The audience is curiously divided. Some people are here to see the Dalai Lama. Others are here to be seen, or to be able to say that they were here. The latter category may not be the majority, but they're not small in number. Even after His Holiness takes the stage, there's a kind of dialogue going on between the two audience factions. There are constant cries of "Shhhhhhhhh!" and even "Shut the fuck up!" Only in L.A. could you listen to the Dalai Lama talk about the prospects for peace in the Millennium while people around you openly antagonize one another.
You may or may not believe that Tenzin Gyatso, the 14th Dalai Lama, is the embodiment of compassion. But there's no question that he embodies charisma. If he so much as raises his hand to scratch his head, it's difficult not to follow the hand with your eyes. He has a deep, somber voice, but his frequent laugh comes out as a high-pitched giggle.
But many people here tonight would rather talk about how cool he is than listen to him speak. This situation is not helped by the stadium's acoustics. The Dalai Lama's accent doesn't help much, either--it's thick, and takes some getting used to. Not everybody can be bothered getting used to it. The couple seated beside me leaves after about 15 minutes.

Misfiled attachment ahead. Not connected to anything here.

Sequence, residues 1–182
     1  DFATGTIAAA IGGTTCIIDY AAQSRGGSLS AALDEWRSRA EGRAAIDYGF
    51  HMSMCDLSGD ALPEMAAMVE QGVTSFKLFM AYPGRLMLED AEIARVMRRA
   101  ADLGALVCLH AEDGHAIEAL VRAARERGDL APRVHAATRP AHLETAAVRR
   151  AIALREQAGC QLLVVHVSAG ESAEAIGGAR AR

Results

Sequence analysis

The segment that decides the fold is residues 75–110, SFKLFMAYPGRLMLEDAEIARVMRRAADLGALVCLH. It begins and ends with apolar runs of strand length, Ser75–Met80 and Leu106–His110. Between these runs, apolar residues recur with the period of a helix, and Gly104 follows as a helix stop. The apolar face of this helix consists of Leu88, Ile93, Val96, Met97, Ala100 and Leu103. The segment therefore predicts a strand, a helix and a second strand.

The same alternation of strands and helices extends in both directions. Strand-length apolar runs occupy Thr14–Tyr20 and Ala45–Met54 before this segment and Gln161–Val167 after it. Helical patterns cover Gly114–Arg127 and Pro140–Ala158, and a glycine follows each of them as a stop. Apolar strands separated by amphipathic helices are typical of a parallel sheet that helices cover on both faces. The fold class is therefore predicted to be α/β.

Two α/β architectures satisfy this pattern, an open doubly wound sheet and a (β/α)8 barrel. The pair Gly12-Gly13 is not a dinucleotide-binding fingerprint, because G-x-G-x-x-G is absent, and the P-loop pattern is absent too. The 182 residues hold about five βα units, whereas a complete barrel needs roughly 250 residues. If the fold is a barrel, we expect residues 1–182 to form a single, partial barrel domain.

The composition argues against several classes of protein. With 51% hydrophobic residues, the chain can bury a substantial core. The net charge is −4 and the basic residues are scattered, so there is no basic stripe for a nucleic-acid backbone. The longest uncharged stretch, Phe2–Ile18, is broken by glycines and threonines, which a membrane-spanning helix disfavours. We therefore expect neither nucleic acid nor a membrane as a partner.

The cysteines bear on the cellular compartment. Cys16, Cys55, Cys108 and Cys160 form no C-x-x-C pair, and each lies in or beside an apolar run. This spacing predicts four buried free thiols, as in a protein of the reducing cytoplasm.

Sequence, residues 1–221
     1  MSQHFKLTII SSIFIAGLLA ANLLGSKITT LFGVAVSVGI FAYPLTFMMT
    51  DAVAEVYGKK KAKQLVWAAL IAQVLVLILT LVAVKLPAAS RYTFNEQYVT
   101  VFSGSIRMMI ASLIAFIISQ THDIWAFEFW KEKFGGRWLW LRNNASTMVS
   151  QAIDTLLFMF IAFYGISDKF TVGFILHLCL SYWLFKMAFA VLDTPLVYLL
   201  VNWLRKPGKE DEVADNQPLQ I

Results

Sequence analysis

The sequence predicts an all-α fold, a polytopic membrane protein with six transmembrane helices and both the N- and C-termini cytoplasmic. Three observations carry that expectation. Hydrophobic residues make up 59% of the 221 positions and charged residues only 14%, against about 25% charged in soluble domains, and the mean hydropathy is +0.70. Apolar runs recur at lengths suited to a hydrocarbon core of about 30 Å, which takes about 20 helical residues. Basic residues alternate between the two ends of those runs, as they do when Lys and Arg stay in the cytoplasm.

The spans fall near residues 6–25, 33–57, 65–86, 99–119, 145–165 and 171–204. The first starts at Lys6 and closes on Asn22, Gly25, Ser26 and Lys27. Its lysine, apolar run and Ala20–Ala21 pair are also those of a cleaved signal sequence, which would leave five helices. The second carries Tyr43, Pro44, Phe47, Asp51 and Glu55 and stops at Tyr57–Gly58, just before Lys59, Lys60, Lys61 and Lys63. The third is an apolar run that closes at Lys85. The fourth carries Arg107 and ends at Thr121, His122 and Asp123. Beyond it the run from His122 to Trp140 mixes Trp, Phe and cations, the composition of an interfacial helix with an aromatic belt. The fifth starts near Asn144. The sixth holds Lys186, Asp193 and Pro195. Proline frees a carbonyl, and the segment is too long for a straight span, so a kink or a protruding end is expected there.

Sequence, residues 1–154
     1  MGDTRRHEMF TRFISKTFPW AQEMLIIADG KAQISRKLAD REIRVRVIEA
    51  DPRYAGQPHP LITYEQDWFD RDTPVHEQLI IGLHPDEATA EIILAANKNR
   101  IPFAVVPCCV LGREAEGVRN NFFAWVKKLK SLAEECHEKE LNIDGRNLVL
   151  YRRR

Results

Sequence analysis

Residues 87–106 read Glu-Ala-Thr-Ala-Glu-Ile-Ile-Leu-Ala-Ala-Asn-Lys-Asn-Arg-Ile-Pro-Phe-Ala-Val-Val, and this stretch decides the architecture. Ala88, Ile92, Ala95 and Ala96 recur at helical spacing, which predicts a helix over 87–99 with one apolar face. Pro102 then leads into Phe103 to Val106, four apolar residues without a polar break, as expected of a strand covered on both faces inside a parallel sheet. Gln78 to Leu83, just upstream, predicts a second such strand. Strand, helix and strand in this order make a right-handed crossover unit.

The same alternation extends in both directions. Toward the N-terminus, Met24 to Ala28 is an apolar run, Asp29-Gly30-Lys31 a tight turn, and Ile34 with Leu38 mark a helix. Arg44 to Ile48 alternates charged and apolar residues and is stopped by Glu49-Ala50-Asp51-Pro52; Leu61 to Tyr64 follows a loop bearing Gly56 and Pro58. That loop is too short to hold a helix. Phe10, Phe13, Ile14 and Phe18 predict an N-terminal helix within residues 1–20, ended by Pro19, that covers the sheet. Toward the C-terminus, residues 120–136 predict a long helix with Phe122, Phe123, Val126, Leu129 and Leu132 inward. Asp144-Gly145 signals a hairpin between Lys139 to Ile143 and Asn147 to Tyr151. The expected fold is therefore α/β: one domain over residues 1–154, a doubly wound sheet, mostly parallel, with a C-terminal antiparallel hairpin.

And they're not the only ones. To be hip in L.A., you arrive late and leave early. And it appears that a public address by a spiritual leader is to be treated the same as a party or a concert.
He criticizes American consumerism, urging the audience to stop buying things it doesn't need. In response to a question about overpopulation, he agrees that it's a serious problem and advocates birth control. He seems relaxed, sitting cross-legged on a chair. His laugh comes as easy and often as usual. But the atmosphere seems to have gotten to him as well.
The Dalai Lama is an accomplished orator. He has shown in the past that he can talk for a long time, weaving together complex discourses in a seamless flow. When his command of English isn't adequate for what he wants to convey, he just switches to Tibetan and lets his translator handle it.
But tonight, for the first time I've heard of, he loses his thread. He stops talking, looks blank, then laughs and admits, "I've forgotten what I was saying!" The translator prompts him and he picks it up again quickly, but this shows a surprising lack of focus for a master whose daily meditative practice is based on mindfulness. Maybe he's tired--he's been teaching the past few days, and will be again tomorrow--but I suspect that the offhandedness of his audience is being reflected in his own attitude.
Not that it isn't a compelling talk--it is. And when he finishes and we all stand up to applaud, there are tears in my eyes. The audience stays on its feet and keeps the applause going until he's left, which takes some minutes.